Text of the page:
Swiss born Le Corbusier became a French institution following his immigration in 1930, and the Villa Savoye on the outskirts of Paris, stands as a testament to his pioneering architectural thinking. The first modernist building to be given historical listing in France (and interestingly the first while the original architect was still alive), the house is a beautiful example of the International style, of which the French are understandably proud custodians. All the more effective then that when the house appeared in the 1979 release French Postcards, it was filled with American kitch.
French Postcards has the house owned by a language school director who teaches her exchange students about French culture and encourages them to forget their coarse American perspective however she herself holds a secret love of all Americana. The more we get to know her, the more obvious her hypocrisy becomes and the glimpse into her private world and its' décor is the most revealing. Her public façade is of a polished Parisian intellectual - composed and self-possessed and yet we know she dances around in Levis when she thinks no one is around. The same applies to her house. From a distance it is a sleek, elegant lesson in restraint – a white unadorned box sitting on slim supports. The interior however is all cowhide and shagpile. There is a bit of a twist for modern audiences though - the furniture chosen to fitout the house is intended to be cheezy and represent the tastes of a past generation (one of her students comments that the style reminds him of his parents house) but the scheme includes some classic American mid century design pieces –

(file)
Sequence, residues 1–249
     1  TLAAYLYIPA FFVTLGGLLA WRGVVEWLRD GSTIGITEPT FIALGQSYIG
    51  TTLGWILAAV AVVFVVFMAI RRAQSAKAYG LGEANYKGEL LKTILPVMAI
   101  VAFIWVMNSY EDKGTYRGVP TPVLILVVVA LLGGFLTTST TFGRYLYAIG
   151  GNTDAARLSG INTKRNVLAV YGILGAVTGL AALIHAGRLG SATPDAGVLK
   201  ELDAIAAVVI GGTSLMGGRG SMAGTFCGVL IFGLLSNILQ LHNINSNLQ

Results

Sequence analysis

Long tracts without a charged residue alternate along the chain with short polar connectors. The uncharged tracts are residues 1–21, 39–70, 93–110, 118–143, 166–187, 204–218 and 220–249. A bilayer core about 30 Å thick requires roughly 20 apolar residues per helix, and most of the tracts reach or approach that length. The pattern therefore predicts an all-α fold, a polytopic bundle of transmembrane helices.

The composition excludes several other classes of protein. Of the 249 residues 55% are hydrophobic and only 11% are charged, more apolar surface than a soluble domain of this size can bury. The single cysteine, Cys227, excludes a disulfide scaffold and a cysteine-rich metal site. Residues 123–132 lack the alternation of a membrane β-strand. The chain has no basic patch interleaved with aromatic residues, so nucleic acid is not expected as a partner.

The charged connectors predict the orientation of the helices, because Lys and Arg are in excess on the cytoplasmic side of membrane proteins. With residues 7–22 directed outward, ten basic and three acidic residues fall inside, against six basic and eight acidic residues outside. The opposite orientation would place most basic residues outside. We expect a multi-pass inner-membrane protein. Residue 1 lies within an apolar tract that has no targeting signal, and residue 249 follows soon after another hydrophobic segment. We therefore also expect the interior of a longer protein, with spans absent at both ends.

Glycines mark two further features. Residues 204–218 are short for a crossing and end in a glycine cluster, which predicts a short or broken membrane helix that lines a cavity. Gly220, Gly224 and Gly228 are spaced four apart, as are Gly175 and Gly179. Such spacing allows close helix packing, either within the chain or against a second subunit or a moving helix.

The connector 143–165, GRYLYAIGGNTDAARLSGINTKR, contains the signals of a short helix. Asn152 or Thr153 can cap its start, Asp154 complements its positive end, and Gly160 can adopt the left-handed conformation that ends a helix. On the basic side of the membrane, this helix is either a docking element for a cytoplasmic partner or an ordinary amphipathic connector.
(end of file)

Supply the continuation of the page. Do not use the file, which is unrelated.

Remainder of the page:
Harry Bertoia’s wire backed diamond chairs, Milo Baughman’s curved ply office furniture and a Herman Miller coat stand. Well before Mid Century Modern had a name, the Director calls it “Eisenhower style”.